Springer Nature

Who lives in care homes in Greenland? A nationwide survey of demographics, functional level, medication use and comorbidities

Posted on 2021-09-19 - 03:12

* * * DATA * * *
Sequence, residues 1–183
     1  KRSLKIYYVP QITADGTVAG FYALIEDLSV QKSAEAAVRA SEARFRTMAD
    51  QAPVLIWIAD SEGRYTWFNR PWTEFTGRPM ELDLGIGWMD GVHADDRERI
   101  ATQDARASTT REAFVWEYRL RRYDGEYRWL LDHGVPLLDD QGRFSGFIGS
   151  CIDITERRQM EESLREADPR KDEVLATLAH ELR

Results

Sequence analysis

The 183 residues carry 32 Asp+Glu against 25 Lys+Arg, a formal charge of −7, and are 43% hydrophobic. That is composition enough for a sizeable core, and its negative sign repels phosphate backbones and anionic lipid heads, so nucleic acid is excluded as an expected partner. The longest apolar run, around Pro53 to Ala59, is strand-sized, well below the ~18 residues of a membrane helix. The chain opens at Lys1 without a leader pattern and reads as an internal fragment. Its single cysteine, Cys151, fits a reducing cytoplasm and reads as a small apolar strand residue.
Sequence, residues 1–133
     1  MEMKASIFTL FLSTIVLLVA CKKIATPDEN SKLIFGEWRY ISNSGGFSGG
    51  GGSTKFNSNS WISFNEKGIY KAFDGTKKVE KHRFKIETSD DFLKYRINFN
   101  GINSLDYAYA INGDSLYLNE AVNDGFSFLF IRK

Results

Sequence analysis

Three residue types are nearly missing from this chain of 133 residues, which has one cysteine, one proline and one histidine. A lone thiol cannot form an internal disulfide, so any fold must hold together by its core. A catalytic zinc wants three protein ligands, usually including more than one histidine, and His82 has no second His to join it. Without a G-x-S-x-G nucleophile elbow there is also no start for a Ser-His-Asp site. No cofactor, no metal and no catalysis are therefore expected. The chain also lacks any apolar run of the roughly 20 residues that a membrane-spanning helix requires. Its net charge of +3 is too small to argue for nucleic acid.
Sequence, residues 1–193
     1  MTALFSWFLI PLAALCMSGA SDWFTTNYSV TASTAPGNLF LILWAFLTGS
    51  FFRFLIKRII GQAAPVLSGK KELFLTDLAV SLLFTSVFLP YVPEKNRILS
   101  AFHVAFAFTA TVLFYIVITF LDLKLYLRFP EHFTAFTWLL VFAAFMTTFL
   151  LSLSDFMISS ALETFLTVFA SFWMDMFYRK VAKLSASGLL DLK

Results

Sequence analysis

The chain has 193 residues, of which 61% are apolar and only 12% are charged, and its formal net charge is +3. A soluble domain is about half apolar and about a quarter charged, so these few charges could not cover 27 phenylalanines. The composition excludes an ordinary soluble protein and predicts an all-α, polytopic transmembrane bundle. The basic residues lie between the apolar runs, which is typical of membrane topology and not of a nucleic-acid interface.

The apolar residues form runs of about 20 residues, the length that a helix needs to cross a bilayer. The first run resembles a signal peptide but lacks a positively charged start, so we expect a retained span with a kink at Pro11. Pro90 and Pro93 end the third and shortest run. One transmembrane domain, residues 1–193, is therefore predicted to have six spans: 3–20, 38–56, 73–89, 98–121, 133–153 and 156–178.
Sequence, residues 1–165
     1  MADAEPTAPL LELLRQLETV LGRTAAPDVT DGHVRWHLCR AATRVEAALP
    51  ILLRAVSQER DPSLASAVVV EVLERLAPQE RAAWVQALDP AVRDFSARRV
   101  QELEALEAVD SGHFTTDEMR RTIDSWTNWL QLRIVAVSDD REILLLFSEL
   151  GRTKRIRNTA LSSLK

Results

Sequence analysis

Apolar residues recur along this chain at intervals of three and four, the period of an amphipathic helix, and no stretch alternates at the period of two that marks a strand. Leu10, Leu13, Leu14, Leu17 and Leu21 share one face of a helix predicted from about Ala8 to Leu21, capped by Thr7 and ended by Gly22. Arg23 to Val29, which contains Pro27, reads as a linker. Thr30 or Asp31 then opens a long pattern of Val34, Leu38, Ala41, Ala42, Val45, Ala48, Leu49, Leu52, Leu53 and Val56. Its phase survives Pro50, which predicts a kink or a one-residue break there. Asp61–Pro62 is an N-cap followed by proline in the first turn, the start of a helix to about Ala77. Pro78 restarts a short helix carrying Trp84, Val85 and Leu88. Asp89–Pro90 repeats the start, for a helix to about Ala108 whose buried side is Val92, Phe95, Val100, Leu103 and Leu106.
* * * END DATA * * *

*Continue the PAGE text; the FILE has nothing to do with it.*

Abstract Background Greenland is facing an ageing population, and little is known about the characteristics of the elderly population in Greenland. This study offers both a comparison and a description of the demographics, causes of admission, comorbidities and medication of the residents in care homes in the capital, major and minor towns in four of the five administrative regions of Greenland. Methods The study was conducted from 2010 to 2016 as a descriptive questionnaire-based cross-sectional study. Data from eligible residents from eight care homes were collected from the regular care staff. Data were categorised into three groups based on town size for analysis. Results 244 (100 %) of eligible residents participated in the study. Nearly 100 % were of Greenlandic ethnicity based on parents’ place of birth, and 62 % were women. The median age at admission/study was 69/71 years for men and 77/79 years for women (both p = 0.001). The median Body Mass Index was 25.6 kg/m2, more than half of the population were previous- or never-smokers and less than ten per cent consumed more than ten drinks of alcohol per week. The most common causes of admission were dementia (25.4 %), stroke (19.3 %) and social causes (11.1 %), while stroke (30.7 %), dementia (29.5 %) and musculoskeletal diseases (25.8 %) were the most common diagnoses at the time of the study. The Barthel Index was used to estimate the residents’ level of independence, and residents in smaller towns were found to have a higher level of independence than residents in the capital. The median number of prescribed medications was five, and more residents in the capital were prescribed more than ten medications than elsewhere in Greenland. Conclusions This study is the first to describe care home residents in Greenland. We found a population younger than residents in comparable Danish care homes and that women were older than men at admission. In addition, care home residents in the capital had a lower level of independence and a higher number of prescribed medications, which could relate to differences in morbidity, access to health care services and differences in social circumstances influencing the threshold for care home admission.


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